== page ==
The research focuses on the perception and representation of spatial information, on the navigational abilities in the environment and on the integration of visual and
proprioceptive information. By using virtual reality technologies, it is possible to set up highly controlled and reproducible experiments while keeping at good level
the ecological richness of the environment. We are currently using our virtual reality technology for the following research projects:
1) how egocentric and allocentric spatial reference frames work in healthy adults;
3) topographical orientation systems and basic spatial abilities in neuropsychological patients;
4) role of visual experience and spatial encoding in blind people;
5) age-related changes in the structure of the human spatial cognition;
2) how spatial and temporal factors interact in collision prediction of dynamic objects.
Environmental psychology is a broad and multidisciplinary scientific field that focuses on the interactions between individuals and their current surroundings.
Nowadays, the virtual reality softwares allow the researchers to create an artificial world in a 1:1 scale that provides users with a sense of “being there” in the
environment and allows them to interact in real time with it. This technological apparatus, combined with classical psychological and psychophysical methods, could
provide a new understanding of the impact of the perceived environment on individuals.
We are currently using the virtual reality lab in the following environmental psychology projects:
1) acoustic comfort aboard different real-world transportation means (e.g. metros) by means of subjective annoyance and cognitive performance measures;
2) effect of different levels of noise on human cognitive processes;
3) impact of audio-visual characteristics of the context (traffic noise, wind-farms, motorways, urban noise…) on cognitive, subjective and emotional reactions; 4) ante-operam and post-operam virtual projects of buildings, open spaces, infrastructures.
How humans represent the space around them depends on their action possibilities and on the presence of others individuals.
The near body space or peripersonal space has a special status because contains the objects with which is possible to act,
while extrapersonal space contains all the elements beyond arm reaching possibility.
Clearly, near body space is also crucial for our interaction with other people and for acting together with them.
Virtual Reality Technology let us modify the position and size of objects in controlled scenarios as well as creating virtual agents (or avatars) whose location,
body posture and movement pattern can be modified according to the relevant experimental goals.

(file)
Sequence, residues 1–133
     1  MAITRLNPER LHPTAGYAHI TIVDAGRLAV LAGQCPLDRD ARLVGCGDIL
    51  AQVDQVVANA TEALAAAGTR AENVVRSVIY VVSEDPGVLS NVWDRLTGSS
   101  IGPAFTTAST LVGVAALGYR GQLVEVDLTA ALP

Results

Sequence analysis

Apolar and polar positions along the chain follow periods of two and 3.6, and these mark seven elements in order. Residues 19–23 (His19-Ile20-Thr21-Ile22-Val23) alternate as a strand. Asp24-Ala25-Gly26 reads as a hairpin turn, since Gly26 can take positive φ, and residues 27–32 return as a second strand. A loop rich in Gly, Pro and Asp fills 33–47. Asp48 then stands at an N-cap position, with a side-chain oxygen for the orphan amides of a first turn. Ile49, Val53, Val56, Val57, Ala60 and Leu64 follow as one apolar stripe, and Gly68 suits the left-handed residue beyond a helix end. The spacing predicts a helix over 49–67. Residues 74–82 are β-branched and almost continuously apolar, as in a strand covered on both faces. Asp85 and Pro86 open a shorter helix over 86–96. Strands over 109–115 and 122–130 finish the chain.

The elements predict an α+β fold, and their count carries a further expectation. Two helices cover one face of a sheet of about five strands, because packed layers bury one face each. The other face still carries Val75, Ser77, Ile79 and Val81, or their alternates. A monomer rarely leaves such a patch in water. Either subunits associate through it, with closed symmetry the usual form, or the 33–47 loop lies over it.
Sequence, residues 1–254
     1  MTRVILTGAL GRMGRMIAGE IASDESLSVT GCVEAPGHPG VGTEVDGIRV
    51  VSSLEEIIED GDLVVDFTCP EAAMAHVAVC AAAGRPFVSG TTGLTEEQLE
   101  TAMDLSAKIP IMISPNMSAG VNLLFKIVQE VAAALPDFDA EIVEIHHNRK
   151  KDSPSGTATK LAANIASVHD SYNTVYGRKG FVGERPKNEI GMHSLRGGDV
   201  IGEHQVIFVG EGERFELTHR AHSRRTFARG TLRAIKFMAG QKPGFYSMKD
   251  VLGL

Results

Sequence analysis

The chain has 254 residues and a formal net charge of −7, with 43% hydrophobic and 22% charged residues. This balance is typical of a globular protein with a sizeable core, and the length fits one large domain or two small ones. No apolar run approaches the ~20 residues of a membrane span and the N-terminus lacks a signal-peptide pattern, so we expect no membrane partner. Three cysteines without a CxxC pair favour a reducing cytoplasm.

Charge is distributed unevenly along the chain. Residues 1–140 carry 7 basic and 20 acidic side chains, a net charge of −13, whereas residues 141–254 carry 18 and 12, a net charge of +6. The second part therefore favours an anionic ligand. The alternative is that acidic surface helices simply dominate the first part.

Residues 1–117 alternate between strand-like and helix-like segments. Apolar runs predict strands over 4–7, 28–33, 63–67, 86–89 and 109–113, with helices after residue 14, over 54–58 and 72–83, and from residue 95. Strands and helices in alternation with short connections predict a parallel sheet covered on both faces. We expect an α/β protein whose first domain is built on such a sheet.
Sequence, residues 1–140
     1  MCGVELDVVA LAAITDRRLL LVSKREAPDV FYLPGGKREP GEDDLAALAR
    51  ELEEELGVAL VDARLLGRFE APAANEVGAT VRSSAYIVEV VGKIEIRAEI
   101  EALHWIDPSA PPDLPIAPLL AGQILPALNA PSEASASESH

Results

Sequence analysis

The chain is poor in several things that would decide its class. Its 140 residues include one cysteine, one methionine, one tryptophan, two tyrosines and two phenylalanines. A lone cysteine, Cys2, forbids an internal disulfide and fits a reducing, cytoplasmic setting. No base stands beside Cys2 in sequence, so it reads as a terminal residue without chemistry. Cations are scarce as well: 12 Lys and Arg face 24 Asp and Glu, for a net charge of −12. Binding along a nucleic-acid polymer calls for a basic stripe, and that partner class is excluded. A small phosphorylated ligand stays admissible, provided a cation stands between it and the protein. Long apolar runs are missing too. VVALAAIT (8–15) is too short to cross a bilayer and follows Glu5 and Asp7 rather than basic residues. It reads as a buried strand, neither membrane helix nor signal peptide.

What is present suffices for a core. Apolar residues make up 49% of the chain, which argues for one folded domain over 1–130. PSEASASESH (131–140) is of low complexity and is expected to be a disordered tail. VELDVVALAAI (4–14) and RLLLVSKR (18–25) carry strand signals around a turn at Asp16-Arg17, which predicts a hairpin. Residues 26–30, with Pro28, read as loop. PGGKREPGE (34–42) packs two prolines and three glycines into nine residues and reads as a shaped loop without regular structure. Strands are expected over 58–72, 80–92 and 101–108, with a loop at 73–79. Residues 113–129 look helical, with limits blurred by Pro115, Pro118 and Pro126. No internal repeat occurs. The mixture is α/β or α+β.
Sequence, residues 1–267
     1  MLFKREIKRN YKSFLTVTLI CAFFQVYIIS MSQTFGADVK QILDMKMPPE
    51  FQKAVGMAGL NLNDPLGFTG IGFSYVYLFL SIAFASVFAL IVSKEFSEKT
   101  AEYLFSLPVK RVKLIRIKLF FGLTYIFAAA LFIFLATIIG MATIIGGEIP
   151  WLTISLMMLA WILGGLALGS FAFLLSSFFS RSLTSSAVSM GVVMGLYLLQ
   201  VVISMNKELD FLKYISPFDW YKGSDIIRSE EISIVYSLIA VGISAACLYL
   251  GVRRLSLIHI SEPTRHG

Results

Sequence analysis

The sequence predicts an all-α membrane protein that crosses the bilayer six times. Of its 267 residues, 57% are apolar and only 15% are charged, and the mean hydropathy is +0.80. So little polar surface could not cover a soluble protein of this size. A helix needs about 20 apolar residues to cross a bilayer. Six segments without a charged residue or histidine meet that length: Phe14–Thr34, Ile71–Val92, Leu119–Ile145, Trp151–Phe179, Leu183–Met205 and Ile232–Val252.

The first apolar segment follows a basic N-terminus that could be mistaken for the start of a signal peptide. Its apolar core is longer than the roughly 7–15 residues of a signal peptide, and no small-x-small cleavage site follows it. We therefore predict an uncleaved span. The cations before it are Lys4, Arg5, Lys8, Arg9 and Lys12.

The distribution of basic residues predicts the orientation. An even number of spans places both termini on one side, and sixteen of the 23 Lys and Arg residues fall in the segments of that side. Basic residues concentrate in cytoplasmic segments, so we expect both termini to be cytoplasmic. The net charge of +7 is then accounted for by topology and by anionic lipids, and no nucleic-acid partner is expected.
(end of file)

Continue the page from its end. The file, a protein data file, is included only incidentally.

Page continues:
We are currently using our virtual reality technology for the following projects:
1) role of sensorimotor simulation in the spatial encoding of peripersonal spaces;
2) role of the other’s action possibility on spatial encoding by manipulating avatars body posture;
3) remapping of peripersonal space of the other’s.
The use of spatial distance is an intrinsic component of our daily interactions with objects and people. The ability to recognize socially relevant information from
other humans is critical for living together, and facial expressions could provide powerful non-verbal cues to represent the context and regulate our spatial behavior.
Bringing together neurocognitive and social psychology literature, the research explores how the social valence of stimuli modulates the near body space. In the social
psychology literature, different kinds of stimuli representing the interactant have been used: real confederates, paper and pencil materials, manikins. Thanks to the
virtual reality technology, we can use virtual agents that resemble real people though maintaining a good control over a variety of factors that can undermine real world
experimental settings. Using 3D modelling and animation tools such as 3ds Max it is possible to modify the facial expression of avatars in a naturalistic way and make
them move in space.
We are currently using our 3D graphical softwares and virtual reality technologies in the following projects:
1) how basic social characteristics such as age and gender affect body space boundaries under different movement conditions;
2) effect of top down belief manipulation affect peripersonal space;
3) approach and avoidance actions in spatial processing of emotional stimuli;
4) body space and spatial behaviour in the interaction with virtual humans displaying different emotional facial expressions.
Mental Imagery can be defined as the capacity to voluntarily simulate a sensorimotor experience. The research focuses on visuo-spatial and motor imagery with healthy
people, blind people and patients with motor deficits.
1) visuo-spatial and motor imagery in blind people and patients (based on mental scanning and mental walking tasks);
2) role of visuo-spatial and motor resources in capacity to manipulate mental images (based on several kinds of mental rotation tasks).